When fans draw that mental image of an artist like Jerry Jeff Walker, what springs to mind is invariably some old album cover: Texas’ Gypsy Songman, grinning and rambling to his heart’s content. It tends to be an image of what the man was.
But at 75, Walker has had to evolve, like any of his contemporaries who want to stay relevant in the days of Spotify and Instagram.
His last release, 2009’s “Moon Child,” was an internet-only release, as will be an upcoming album tentatively titled “About Time,” which Walker told the Star-Telegram would be wrapped up next week. He does Pilates to keep his body in good enough condition to continue to do one-off shows, and he has a Twitter account.
Despite the continued evolution, Walker said he still views himself as the grinning rambler, leaning up against somebody’s fencepost, eager for his next trip.
“I’ve always said I haven’t really had a career as much as I’ve had an adventure with a guitar,” Walker said. “I still think I’m on that adventure.”
That adventure continues Sunday with Walker’s show at Billy Bob’s Texas and will at some point culminate with Walker on or near the Mount Rushmore of Texas Country, or progressive Country, or Red Dirt Country, or however each fan chooses to refer to the genre he helped bring to its first peak in the mid-1970s. When someone sings about Luckenbach, Texas, calling up memories of Waylon and Willie and the boys, they’re singing about Walker.
Walker, the old five-and-dimer, literally is “the boys.”
But time has passed. Things have changed; even Walker’s legendary habits of storytelling have had to be adjusted.
“The problem is that as you get older, you’ve already tapped into a lot of things,” Walker said. “You’ve written a song about your grandfather. You wrote a song about your favorite dog, or the girl you used to know. You’ve already touched on those things. As a writer, your pool of where you draw from will eventually go dry. It gets thinner, so you have to find new things, new approaches.”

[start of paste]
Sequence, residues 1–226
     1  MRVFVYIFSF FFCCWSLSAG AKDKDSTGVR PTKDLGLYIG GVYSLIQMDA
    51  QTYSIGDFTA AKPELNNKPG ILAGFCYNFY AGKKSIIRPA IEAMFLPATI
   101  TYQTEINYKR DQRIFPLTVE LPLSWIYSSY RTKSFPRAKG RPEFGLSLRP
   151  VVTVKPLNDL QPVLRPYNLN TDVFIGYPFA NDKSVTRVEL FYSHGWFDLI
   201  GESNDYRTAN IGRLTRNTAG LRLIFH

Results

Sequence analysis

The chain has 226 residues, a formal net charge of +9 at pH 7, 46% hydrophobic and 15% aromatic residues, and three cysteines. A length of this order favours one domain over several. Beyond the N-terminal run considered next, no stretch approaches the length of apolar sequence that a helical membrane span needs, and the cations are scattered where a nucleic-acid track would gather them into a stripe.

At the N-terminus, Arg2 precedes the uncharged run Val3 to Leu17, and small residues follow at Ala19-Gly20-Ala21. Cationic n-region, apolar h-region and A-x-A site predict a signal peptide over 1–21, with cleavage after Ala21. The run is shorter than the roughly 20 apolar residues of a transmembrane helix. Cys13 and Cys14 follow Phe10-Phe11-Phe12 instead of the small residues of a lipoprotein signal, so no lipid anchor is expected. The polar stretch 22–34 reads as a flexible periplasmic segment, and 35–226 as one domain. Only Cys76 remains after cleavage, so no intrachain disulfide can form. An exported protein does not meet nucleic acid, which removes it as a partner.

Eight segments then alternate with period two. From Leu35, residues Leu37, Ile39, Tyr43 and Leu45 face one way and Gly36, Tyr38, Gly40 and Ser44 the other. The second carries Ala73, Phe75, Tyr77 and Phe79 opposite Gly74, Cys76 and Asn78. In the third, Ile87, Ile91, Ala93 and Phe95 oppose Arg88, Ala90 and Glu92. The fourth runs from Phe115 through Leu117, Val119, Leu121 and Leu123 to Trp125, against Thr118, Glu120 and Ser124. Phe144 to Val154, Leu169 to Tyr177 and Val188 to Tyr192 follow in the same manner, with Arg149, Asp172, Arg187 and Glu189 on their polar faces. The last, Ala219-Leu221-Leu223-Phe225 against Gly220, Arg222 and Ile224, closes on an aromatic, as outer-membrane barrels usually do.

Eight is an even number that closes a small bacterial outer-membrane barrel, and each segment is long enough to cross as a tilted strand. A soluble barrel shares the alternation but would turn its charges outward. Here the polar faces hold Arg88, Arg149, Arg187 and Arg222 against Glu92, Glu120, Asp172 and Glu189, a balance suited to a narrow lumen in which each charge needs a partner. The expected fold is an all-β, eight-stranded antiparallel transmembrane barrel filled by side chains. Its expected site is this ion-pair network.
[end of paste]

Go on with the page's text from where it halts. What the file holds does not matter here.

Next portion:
Songs about songs
So, for at least a couple songs on his new album, which will be his first in about eight years, he’s once again showing signs of modernizing. He’s writing songs about the songwriting process itself. How meta.
“One was, I hadn’t written one in a while, and my wife wanted one, so I wrote a song about her wanting a song,” Walker said. “And basically, it says, ‘I do everything for you, so here’s a song.’ And the other one was about not knowing what I was going to do all day, deciding to write, and so it’s called, ‘That’s Why I Play.’”
But Walker hasn’t reinvented his act when he goes on the road. He knows how his bread is buttered.
“It’s the same stuff that I’ve always done,” Walker said of his more recent live shows. “One time I heard James Taylor say to a crowd, ‘I’m going to play a new song,’ and they all groan and carry on. I mean, even this new stuff sounds like the old stuff. It’s still you singing your songs, and it’s the way I sing them and play them. I’m playing music that pleases me first.”
On the iconic “Mr. Bojangles,” one of the tunes that has pleased millions of fans who have followed his career which has now spanned over 50 years, Walker spins the tale of an encounter with an old street performer in a New Orleans jail in 1965. In classic Walker fashion, he took snippets of memories from his time in New Orleans to introduce listeners to a man who could have been one of thousands of down-and-out streetwalkers and gave him a lasting and instantly endearing personality.